Open Source Social Science Term Paper

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Open source software has recently emerged as the frontrunner for many industries as the primary method of code production, as it is widely predicted to provide more options for its users in a quicker, quality improved, and cost effective format than the more traditional proprietary software. Linux, the dominant player in the market, is a considerable threat to the Microsoft operating system, which has successfully established itself in the global market. Beyond its commercial potential, open source software possesses a potential goldmine in the government sector. However, questions regarding security and privacy continue to plague government officials in their pursuits of this option. The following discussion will provide an overview of open source software as well as proprietary software and their primary components, an evaluation of government options in relation to the products available on the market, and the social construction of open source software vs. The technological determinism of proprietary software.

Discussion of Open Source Software

Open source software is distinctive in that it provides its users with free access to the object code as well as the source code, and when modifications are made, they must be made available to interested parties within the community. The primary criteria that distinguishes open source software from all other programs are the following (Lerner and Tirole 821):

The program must be distributed royalty free

All program modifications must be distributed under the same terms as the license of the original software

The source code must be released and made available to interested parties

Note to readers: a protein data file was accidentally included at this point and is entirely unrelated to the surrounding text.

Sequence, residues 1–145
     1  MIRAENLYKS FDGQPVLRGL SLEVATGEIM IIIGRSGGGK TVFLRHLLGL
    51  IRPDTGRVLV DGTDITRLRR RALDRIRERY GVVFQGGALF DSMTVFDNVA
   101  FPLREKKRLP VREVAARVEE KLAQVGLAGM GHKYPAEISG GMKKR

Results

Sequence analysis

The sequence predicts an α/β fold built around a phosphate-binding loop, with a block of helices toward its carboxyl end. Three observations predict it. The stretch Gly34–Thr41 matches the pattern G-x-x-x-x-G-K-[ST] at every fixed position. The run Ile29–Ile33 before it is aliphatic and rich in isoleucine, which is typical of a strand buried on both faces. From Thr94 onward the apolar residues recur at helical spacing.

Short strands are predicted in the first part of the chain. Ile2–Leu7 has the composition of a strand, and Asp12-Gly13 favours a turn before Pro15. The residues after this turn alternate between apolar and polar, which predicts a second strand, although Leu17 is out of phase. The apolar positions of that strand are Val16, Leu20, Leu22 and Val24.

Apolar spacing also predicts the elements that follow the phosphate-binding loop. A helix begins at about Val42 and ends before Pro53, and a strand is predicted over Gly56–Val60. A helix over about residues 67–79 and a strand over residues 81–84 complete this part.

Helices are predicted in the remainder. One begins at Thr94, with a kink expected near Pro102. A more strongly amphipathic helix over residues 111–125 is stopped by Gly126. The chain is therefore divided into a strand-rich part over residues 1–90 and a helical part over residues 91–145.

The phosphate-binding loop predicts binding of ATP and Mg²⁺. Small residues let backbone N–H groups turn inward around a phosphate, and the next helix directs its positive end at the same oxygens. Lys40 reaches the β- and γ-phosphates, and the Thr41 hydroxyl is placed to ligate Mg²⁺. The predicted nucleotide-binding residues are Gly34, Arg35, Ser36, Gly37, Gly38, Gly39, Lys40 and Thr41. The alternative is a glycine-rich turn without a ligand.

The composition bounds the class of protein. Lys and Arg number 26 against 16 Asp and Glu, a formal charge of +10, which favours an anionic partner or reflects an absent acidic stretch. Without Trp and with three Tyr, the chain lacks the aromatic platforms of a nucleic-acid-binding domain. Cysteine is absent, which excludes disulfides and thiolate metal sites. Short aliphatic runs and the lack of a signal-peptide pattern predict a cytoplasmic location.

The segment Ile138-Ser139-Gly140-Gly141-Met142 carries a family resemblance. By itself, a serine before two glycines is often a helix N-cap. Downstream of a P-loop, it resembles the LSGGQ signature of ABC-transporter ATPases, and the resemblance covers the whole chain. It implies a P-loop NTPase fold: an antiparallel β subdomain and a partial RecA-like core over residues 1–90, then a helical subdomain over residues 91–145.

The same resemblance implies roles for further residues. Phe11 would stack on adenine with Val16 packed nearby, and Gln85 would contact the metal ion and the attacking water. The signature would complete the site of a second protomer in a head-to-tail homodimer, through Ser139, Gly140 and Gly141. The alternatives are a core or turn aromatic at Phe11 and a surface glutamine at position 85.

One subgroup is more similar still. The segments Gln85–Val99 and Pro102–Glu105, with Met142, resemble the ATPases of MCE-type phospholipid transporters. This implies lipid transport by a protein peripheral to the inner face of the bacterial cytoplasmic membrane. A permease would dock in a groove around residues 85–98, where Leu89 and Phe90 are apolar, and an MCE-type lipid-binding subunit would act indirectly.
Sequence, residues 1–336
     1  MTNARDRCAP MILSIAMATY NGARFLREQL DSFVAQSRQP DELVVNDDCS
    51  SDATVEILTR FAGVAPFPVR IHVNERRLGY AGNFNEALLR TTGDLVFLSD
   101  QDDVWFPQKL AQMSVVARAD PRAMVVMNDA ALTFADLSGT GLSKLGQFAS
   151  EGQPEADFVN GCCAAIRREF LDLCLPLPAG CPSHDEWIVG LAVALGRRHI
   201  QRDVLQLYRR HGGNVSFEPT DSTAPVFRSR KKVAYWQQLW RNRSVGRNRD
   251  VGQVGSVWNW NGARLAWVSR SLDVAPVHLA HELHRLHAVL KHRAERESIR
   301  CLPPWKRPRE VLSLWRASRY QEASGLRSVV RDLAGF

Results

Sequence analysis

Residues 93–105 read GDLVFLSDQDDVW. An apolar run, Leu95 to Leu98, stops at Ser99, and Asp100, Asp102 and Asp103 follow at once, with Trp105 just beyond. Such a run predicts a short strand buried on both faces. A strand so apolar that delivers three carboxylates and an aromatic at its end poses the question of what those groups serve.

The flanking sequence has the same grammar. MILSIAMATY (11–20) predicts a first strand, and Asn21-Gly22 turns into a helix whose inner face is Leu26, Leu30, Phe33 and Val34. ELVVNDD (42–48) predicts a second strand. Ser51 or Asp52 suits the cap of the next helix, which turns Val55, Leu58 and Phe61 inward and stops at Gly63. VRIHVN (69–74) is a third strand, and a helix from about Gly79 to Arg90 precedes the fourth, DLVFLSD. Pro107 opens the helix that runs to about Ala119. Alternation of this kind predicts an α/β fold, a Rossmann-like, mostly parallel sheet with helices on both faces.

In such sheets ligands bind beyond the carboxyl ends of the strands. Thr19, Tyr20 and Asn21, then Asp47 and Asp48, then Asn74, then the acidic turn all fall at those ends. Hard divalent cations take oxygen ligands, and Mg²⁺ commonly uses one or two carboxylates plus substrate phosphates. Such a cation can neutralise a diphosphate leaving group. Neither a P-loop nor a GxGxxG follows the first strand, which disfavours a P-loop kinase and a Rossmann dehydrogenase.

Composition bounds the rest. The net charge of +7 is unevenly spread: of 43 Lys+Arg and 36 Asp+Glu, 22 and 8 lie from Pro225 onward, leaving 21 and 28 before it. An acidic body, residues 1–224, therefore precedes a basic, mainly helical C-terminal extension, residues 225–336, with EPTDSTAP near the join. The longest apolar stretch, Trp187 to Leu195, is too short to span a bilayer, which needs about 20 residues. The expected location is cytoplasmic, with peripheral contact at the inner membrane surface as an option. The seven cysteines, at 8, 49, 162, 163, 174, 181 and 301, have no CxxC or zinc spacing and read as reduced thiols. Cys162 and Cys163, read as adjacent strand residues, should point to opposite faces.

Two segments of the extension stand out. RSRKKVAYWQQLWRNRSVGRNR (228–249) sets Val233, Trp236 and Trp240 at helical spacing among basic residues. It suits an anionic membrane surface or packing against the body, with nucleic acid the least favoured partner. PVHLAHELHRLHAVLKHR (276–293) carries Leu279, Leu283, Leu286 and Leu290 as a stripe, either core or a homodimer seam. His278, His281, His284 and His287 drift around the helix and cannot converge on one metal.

In addition, open source software is subject to a strict code review process, which provides additional security measures for its users. As more people gain access to its code, they can identify flaws or errors in the system (Fisher 21).

However, it is also known that with every piece of software, there are disadvantages to its use. In the case of open source software, even the most brilliant programmers cannot escape the potential security breaches that may exist with this type of software. According to Farrow, "OSS programmers aren't generally paid to writer the software they maintain. These programmers are paid by becoming well-known for writing great software. Including backdoors would be the kiss of death for a programmer. Even security-related bugs hurt an OSS programmer's reputation" (73). Furthermore, Neumann states in an article by Fisher that "Unless there's a great deal of discipline underlying the development, there's no difference in the security. Open source is not inherently more secure. If everyone has the same bad skills, all the eyeballs in the world won't help you. Unless there's discipline, you still come up with garbage" (40). Some experts argue that the key components of secure software are attention to detail and careful coding, and that both proprietary and open source software can be very secure if carefully written (Fisher 20). This demonstrates that the knowledge of the programmer can strongly influence the security potential of a given software product.

One question that is raised in the utilization of open source software is why the product is given away at no cost to other users. A simple explanation may be that users find significant value in the product since it is much easier to manage open source software since it does not possess strict licensing requirements, such as those placed on Microsoft products (MacVittie and MacVittie 15). This is logical, since the cost of using the traditional Microsoft operating system can be excessive if a new license must be purchased for each user. Cost is more than likely one of the chief motivators in the decision to use open source software over the traditional proprietary methods.

The Linux operating system is the chief product that many new open source customers consider as their primary choice. Many IT experts find that Linux is more powerful when enthusiasm is brought into the picture (Zetlin 38). Therefore, learning the ins and outs of the system can take some time and may require some work beyond normal business hours. For this reason, training in Linux and other similar open source offerings should be a primary concern for IT professionals in order to improve its potential and to reduce the possibility of security flaws.